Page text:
Positional Asphyxia

Positional asphyxia is a fatal condition owing to the body being oriented in an unusual position, either induced or adopted independently, which mechanically interferes with pulmonary ventilation by airway obstruction and interference of chest wall excursion (Fig. 62; refs. 416 and 417).

Ventilatory pump failure can be the result of decreased central respiratory drive (e.g., depressant drugs), chest wall defects (e.g., flail chest), and respiratory muscle fatigue (418). A victim may not be able to self-extricate from a position because of various factors (e.g., alcohol or other drugs, debilitation, degenerative brain disease [97, 99,246,418-420]). Alcohol and other drugs acting as CNS depressants relax muscles, including the tongue, causing airway obstruction (97,416). Toxic levels of these drugs also depress central respiratory centers. The CNS respiratory drive fails to respond to the increased biochemical demands of the body (417,419,421).

Variations of positional asphyxia have been described:

• Head-down position (reverse suspension, "upside-down;" see Fig. 63 and refs. 246, 416, 419, 420, and 422).

Fig. 61. Chronic aspiration. Foreign body granulomatous inflammation (vegetable material; H&E, magnification x200).
Positional Asphyxia
Fig. 62. Positional asphyxia.

° In contrast to the erect position, where thoracic breathing predominates, a person head-down has limited chest wall excursion (246,423-426). In cases of complete reverse suspension, the abdominal viscera press on the diaphragm, prolonging the inhalation phase (427). Initially, respiratory frequency increases to compensate (427).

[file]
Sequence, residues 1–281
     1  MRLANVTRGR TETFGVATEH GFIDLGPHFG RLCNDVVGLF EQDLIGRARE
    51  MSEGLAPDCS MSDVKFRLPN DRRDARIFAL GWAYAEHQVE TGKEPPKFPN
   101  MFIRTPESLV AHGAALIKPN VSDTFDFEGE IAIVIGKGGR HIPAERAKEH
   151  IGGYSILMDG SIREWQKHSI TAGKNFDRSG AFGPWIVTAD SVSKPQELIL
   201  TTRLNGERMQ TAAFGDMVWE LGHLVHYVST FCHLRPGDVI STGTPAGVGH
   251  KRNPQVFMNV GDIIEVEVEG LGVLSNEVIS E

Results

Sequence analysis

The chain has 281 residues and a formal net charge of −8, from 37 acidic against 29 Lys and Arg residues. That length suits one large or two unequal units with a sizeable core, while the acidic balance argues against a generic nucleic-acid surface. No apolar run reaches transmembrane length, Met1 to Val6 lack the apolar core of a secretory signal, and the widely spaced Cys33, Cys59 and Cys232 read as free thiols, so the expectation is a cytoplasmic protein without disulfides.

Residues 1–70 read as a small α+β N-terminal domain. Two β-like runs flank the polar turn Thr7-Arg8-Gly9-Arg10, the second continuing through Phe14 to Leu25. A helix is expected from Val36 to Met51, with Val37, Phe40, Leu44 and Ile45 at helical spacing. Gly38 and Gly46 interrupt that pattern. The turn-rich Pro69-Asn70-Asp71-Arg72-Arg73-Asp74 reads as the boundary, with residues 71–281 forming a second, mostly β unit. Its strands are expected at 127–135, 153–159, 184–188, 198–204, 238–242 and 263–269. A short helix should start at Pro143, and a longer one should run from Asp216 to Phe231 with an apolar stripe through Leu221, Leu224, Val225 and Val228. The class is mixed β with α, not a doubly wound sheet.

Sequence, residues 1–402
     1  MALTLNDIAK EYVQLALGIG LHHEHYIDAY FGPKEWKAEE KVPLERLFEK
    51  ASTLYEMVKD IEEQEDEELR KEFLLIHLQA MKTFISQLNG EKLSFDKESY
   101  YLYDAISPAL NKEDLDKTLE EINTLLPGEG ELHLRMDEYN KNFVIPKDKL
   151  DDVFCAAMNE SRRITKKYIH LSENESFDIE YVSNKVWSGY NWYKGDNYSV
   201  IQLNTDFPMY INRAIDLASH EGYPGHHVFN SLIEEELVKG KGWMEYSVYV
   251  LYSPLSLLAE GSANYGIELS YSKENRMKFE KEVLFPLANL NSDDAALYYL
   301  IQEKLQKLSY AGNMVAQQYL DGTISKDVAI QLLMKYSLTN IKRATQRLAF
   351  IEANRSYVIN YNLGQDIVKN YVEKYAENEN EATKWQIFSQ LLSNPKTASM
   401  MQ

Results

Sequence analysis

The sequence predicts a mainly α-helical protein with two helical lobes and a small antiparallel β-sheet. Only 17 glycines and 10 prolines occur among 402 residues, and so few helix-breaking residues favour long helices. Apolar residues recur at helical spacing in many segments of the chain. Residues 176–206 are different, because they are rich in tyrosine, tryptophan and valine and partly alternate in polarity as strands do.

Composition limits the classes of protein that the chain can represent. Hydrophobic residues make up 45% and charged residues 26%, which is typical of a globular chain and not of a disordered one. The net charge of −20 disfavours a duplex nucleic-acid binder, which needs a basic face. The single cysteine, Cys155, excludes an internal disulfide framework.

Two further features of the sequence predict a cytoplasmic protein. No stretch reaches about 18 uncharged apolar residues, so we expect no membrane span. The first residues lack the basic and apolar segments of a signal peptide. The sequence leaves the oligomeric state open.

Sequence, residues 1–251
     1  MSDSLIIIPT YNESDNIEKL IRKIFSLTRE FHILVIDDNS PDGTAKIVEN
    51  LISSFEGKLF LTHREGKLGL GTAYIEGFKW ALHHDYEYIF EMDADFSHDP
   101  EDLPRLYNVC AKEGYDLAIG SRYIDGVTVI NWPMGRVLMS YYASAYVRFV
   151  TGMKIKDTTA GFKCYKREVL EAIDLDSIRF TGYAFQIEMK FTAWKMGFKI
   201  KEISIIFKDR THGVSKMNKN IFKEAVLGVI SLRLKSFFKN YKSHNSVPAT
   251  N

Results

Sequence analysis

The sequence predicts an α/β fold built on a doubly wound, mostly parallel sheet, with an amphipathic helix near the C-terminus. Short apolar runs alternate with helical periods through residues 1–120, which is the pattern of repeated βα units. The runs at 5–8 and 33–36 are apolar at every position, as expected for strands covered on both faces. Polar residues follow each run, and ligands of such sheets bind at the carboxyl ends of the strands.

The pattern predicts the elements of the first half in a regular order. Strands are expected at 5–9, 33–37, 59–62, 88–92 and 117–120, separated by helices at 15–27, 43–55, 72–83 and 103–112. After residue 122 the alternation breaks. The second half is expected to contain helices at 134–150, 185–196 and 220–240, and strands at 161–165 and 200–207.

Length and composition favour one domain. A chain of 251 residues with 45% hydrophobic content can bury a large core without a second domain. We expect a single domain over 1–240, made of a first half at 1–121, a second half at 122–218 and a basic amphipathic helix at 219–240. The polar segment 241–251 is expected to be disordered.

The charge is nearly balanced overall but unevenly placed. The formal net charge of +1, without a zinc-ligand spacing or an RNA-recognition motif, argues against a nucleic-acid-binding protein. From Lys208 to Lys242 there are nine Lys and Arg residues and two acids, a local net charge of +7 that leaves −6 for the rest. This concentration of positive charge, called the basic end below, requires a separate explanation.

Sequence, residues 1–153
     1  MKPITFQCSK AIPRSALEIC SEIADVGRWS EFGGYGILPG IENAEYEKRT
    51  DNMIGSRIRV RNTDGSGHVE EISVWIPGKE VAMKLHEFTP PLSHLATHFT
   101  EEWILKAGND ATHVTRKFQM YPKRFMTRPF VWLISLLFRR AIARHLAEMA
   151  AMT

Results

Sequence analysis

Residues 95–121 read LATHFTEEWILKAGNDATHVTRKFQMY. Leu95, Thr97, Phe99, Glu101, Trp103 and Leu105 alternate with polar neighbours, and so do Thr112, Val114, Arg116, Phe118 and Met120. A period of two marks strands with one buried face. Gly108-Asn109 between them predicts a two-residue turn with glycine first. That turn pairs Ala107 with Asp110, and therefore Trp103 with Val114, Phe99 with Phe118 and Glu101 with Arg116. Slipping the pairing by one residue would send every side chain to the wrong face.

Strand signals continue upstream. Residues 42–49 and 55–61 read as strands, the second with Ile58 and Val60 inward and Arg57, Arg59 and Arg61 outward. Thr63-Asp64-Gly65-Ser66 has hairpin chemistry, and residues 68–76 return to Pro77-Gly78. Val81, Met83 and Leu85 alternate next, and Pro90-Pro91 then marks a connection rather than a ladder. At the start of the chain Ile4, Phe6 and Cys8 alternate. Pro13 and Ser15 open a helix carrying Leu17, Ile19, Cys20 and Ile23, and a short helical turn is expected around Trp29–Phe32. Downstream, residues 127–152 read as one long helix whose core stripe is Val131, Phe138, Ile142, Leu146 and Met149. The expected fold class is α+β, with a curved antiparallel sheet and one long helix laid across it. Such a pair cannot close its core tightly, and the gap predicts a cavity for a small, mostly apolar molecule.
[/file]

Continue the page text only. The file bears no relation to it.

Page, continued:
Positional Asphyxia
Fig. 63. Positional asphyxia. Reverse suspension following vehicle rollover. (Courtesy of Dr. C. Rao, Regional Forensic Pathology Unit, Hamilton, Ontario, Canada.)

Eventually, hypoxia ensues because of the decrease in chest wall movement due to respiratory muscle fatigue (421,427). The decreased effectiveness of the respiratory muscles means the ability of intrathoracic pressure to allow effective venous return to the heart is reduced (246,425). Also, blood volume shifts to the head, where venous return to the heart is not as efficient (246). Diminished blood flow furthers respiratory muscle fatigue and eventually cardiac arrest occurs (425). ° The head-down position leads to death of rabbits in half a day (427). A decreased and often irregular pulse rate is observed in human volunteers (427). Estimates of time until death in humans (e.g., parachutists, occupants in a vehicle rollover) range from several hours to a day (246,419). ° The Trendelenburg position in the clinical setting has effects on cardiac and pulmonary function (419,427).

• Neck or trunk hyperflexion while head-down or sitting upright (e.g., neck hyperflexed occluding tracheostomy site; goiter occluding airway) leads to obstruction of the respiratory tract (416,417).

• Trunk flexed over object (e.g., edge of bathtub) restricting diaphragm and chest movement (48,417).